By Richard Morris, Director at technologywithin
The UK Government’s 10-point plan for a green industrial revolution has prompted new conversations on increasing sustainability across our economy, and the Build to Rent sector is no exception. While the UK aims to reach net-zero emissions by 2050, at current a staggering 19% of the UK’s greenhouse gas emissions come from heating the places we live and work, with residential buildings accounting for over three-quarters of this even prior to calls to work from home during the pandemic.
As we approach a greener economic recovery, now is the time for Build to Rent landlords and investors to consider putting sustainability at the heart of their buildings, future-proofing their portfolio and attracting tenants for the decades to come.
Smart investment for future-proof assets
In an ever more saturated rental market, cutting-edge technology and green infrastructure can no longer simply remain a nice-to-have for Build to Rent properties. Point seven of the UK Government’s 10-point plan captured just this, calling for greener, warmer and more energy efficient homes.
So, not only is the energy efficiency of a building an ever more crucial selling point for more environmentally and cost-conscious tenants, it is also an imperative for landlords looking to future-proof their buildings in line with a more sustainable agenda. Integrated energy systems can play an important part in this effort, as well as offering more effective and responsive option for tenants looking for control over the quality and costs of their living space.
Smart sensor technology can also have an important bearing on this. For instance, movement sensors can help to control energy distribution across a building in real time, ensuring that power for lighting and heating rooms is only being consumed in parts of the property where someone is present. Artificial Intelligence and self-teaching algorithms can also help to this end, adjusting heating output according to metrics like tenants’ routines, weather conditions or the use of other power sources – such as an electric fireplace or oven.
Furthermore, not only can smart PropTech solutions help to minimise emissions, they can also better monetise the tenant experience by delivering a more responsive, higher quality rental product. Air quality sensors, for example, can aid in monitoring for issues such as damp or leaks, mitigating against the long-term impacts of indoor air pollution by catching issues at the earliest stage. This, in turn, can reduce maintenance overheads through early identification, as well as increasing retention rates by empowering tenants with a more responsive living environment.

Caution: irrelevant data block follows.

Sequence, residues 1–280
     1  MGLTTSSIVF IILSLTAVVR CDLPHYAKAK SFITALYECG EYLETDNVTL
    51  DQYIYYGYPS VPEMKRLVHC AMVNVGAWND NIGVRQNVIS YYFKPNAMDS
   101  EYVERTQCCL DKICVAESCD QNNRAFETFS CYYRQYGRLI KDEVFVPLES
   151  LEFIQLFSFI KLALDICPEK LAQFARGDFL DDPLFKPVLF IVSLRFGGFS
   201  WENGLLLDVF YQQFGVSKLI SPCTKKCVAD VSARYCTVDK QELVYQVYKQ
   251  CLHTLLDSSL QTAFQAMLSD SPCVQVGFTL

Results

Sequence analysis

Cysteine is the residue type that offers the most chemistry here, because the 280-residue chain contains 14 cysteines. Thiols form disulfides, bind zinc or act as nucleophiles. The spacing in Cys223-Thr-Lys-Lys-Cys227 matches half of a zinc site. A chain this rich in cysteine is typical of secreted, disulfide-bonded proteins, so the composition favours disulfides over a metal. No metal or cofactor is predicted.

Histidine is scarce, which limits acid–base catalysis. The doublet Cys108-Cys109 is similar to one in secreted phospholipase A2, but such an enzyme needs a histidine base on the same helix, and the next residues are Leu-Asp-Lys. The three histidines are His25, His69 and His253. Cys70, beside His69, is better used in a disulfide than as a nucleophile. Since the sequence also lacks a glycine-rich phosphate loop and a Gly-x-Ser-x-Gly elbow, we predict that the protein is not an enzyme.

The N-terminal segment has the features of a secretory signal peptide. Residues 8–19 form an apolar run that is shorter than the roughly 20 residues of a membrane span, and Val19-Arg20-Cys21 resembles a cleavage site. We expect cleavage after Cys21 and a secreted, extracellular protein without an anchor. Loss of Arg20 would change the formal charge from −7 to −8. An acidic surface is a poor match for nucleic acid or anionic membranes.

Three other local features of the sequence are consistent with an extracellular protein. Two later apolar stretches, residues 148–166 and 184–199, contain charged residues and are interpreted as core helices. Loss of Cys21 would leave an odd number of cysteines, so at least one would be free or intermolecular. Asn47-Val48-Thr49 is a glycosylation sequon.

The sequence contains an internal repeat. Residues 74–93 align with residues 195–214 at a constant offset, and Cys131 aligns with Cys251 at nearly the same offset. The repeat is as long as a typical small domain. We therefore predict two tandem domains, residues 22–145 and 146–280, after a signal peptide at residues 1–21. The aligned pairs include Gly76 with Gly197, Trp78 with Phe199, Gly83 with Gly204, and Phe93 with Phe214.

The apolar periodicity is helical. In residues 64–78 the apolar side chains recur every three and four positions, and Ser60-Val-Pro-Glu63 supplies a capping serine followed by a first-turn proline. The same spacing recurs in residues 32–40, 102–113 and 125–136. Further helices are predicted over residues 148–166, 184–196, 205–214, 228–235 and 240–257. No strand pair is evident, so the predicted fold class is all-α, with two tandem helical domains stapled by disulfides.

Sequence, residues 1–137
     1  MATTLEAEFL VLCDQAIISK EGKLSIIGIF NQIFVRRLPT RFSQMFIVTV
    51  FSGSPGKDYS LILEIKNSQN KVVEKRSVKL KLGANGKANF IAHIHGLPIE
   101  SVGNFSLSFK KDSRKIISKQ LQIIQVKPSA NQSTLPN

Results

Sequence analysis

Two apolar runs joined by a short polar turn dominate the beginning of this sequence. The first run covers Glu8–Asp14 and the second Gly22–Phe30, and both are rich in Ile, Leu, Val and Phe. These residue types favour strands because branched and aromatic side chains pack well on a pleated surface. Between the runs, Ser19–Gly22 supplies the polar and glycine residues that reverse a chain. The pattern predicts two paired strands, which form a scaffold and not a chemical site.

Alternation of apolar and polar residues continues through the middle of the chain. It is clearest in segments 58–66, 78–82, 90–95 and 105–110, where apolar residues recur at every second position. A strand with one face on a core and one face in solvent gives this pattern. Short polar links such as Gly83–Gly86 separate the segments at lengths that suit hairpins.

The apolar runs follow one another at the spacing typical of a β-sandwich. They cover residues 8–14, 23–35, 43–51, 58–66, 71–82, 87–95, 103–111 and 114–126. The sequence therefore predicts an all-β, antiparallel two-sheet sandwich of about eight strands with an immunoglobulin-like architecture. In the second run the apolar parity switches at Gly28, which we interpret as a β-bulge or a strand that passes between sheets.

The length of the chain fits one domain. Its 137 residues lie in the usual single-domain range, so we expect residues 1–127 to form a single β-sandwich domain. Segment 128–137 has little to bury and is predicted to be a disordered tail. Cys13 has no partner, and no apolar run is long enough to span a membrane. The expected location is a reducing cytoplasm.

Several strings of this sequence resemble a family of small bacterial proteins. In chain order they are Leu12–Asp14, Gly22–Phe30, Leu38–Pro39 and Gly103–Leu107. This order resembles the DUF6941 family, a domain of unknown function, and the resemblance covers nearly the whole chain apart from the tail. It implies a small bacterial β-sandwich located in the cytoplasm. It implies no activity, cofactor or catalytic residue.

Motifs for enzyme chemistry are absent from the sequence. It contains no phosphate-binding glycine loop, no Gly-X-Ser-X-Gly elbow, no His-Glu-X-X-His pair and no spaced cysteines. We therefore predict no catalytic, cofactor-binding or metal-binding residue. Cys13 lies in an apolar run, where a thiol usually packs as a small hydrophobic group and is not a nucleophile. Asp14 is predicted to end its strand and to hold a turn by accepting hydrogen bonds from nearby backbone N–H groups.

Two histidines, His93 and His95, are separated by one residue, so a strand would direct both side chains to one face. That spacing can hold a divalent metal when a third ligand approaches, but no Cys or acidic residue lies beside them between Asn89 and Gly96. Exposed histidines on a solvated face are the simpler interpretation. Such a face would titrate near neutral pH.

While this year has seen the UK Government announce its agenda for a more sustainable economic recovery from the coronavirus pandemic, it has also seen tenants’ needs and preferences change in ways that were unimaginable just 12 months ago.
Whereas, before the pandemic, employees were tied to homes within commutable distances of central offices, a more agile and footloose approach has seen rents rise by as much as 5.5% year-on year in the countryside. So, as working norms change, so too are expectations – and connectivity is at the heart of this.
Even prior to Covid-19, a report commissioned last year by WiredScore Home and the Home Owners Alliance found that 85% of people faced WiFi connectivity issues at home, with those affected forced to use on average 2.5GB of extra mobile data to compensate for this each month. In fact, over a quarter of respondents said that, had they known about the connectivity issues beforehand, they would never have moved into the property. For Build to Rent landlords, this is the difference between retaining and losing a tenant – and facing reduced yields over void periods as a result.
Now, with the pandemic prompting as many as 61% of desk-based workers to say they would like to work from home more in the future, connectivity is only likely to rise on the priority list for tenants. Already, over two-thirds of landlords reported that good digital connectivity allows them increased yields, while 56% reported longer tenancies as a result of robust internet access. So, for landlords looking to attract tenants in an ever more saturated market, the appeal of high-quality technology infrastructure is clear.
Looking to the future
While Build to Rent schemes have broadly been built in line with more modern building specifications, this does not mean landlords should take a complacent approach towards preparing for the future. Technology will be at the heart of this, ensuring that buildings continue to evolve in line with a growing sustainability agenda and changing tenant priorities.
Those that fail to recognise this face the risk that their buildings become obsolete and unattractive, failing to offer the connectivity required for post-pandemic living, or the sustainability infrastructure to ensure their portfolio is truly fit for the future. For those that embrace technology now, the horizon looks very positive indeed.